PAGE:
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By Gayle Hallgren-Rezac and Darcy Rezac

YOU ARE NOT ALONEDo you know the Verizon ads with that mass of people standing behind a single customer?  It’s similar to the huge network that stands behind each of us, and everyone we meet. It symbolizes opportunity, but we often ask ourselves it is really worth going up and talking to that person we don’t know?  Should I really make that call, it’s been so long since we talked?  What could really happen if I talked to that other soccer parent at the field on Sunday?

When looking for a job it can often seem pretty lonely, and after being at it for some time you may feel that you have tapped out all your opportunities. But, there is science that proves that we are more connected than we think. It shows that in less than six connections we can be connected to anyone in the world.  Does that open up opportunities?  You bet!

Here’s how we explain the science in Work the Pond!:

Using mathematical graph theory, Cornell mathematicians Duncan Watts and Steve Strogatz began searching for an answer to the small-worlds phenomenon and here is what they found. If you look at social networks, for example, it is safe to assume that everyone has a network of contacts. For simplicity, assume that everyone has a network of fifty contacts—friends, colleagues and acquaintances. Assume that each of these contacts has their own network of fifty people, and so on. Now imagine that all of these people are connected to each other, like a huge fishnet cast around the world, until all six billion people are connected. It would take sixty million connections or handshakes to make contact with someone halfway around the world.  OK, so that’s not six degrees.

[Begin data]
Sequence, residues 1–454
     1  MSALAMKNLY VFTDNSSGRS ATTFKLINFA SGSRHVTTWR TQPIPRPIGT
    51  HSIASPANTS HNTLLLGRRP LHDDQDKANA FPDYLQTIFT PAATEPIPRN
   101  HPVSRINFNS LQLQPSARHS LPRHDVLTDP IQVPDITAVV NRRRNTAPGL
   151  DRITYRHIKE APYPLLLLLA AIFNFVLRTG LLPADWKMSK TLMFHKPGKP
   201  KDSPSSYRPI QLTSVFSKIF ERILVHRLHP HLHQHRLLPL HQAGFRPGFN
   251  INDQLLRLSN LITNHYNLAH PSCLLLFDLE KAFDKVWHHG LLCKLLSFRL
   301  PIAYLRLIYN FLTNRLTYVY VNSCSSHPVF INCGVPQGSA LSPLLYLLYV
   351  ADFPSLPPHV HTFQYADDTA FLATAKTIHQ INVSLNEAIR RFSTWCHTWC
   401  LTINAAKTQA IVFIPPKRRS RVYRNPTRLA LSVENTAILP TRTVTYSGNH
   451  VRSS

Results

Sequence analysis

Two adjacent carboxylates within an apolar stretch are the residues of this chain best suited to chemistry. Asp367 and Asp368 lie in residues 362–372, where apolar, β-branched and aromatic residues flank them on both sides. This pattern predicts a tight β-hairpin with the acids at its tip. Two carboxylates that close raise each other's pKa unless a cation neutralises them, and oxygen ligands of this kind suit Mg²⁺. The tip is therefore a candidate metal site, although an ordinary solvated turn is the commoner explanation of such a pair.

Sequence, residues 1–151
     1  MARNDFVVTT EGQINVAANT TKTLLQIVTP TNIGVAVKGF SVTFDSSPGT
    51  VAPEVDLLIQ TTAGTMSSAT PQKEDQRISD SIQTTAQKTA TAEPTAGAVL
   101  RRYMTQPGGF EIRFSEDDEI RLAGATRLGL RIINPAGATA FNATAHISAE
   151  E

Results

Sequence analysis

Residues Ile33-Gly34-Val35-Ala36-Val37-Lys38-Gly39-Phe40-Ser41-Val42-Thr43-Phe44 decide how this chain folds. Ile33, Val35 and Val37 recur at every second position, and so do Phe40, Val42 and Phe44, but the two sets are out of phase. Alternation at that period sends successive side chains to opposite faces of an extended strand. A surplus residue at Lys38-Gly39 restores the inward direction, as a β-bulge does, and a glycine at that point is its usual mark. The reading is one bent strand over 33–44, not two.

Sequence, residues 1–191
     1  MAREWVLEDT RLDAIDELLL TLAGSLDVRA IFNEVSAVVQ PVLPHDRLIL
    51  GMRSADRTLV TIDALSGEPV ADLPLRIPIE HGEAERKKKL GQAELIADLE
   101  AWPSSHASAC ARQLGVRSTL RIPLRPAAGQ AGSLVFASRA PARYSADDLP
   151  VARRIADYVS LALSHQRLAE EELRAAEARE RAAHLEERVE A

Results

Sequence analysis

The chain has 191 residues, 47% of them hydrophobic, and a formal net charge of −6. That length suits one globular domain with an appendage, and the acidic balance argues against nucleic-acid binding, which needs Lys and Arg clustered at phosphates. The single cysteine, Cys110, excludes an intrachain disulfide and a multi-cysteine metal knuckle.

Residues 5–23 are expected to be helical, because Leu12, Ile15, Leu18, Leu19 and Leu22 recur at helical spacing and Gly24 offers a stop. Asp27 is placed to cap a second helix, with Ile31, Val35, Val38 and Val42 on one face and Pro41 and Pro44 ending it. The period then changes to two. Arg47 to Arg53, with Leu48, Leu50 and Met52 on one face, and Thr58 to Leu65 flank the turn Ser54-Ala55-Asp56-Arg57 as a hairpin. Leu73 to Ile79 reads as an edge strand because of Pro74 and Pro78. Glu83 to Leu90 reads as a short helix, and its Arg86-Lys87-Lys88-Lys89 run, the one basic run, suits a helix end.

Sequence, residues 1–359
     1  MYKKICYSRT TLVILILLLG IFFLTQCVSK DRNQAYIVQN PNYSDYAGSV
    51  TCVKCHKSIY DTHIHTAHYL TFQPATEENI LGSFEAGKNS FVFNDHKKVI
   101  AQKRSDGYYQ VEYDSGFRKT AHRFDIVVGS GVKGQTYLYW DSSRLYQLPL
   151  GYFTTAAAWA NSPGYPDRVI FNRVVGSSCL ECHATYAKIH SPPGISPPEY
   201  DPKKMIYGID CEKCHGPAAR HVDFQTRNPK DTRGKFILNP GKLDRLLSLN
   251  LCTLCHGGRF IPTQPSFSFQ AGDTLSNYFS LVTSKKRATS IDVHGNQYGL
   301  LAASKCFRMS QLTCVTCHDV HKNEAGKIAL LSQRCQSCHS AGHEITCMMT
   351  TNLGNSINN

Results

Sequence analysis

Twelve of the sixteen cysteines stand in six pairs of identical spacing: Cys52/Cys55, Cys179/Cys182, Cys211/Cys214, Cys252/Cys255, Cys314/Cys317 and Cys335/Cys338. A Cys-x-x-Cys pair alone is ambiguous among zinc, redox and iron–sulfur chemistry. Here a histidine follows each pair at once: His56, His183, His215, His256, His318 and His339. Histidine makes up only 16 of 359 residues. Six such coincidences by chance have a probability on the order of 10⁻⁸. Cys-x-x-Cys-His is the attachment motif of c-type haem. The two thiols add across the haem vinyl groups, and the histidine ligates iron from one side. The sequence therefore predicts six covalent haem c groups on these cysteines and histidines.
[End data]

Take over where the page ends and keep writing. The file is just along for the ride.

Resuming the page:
Now, for every ten thousand people in that six billion in the world, introduce just two additional random connections—or shortcuts—between any two people.
This is where the power of a small world gets spooky and the magic begins
With this addition of only two random shortcuts per ten thousand people, it now takes only eight handshakes to meet someone halfway around the world. Not eight million—eight, period. Add a third random shortcut, and the handshakes drop to five!

So imagine the opportunities that might open up for you if you step out of your comfort zone, and engage a new person in a conversation. For example we meet someone in a line up at Tim Hortons, at a networking event or on the sidelines while watching your kid play soccer, and they introduce you to their direct connection, their wife. She has a random link to someone in Singapore, who then introduces you to his brother, who has the perfect job for you back at their Canada subsidiary. So when you think, naw…why bother talking to that person, remember that Verizon image and the science of six degrees.
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